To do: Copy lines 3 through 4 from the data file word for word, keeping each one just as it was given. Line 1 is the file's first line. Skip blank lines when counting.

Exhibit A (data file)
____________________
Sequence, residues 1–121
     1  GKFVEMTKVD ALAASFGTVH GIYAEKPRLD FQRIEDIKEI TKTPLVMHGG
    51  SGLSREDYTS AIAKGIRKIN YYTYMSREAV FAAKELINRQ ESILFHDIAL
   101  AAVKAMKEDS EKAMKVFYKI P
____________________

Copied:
    51  SGLSREDYTS AIAKGIRKIN YYTYMSREAV FAAKELINRQ ESILFHDIAL
   101  AAVKAMKEDS EKAMKVFYKI P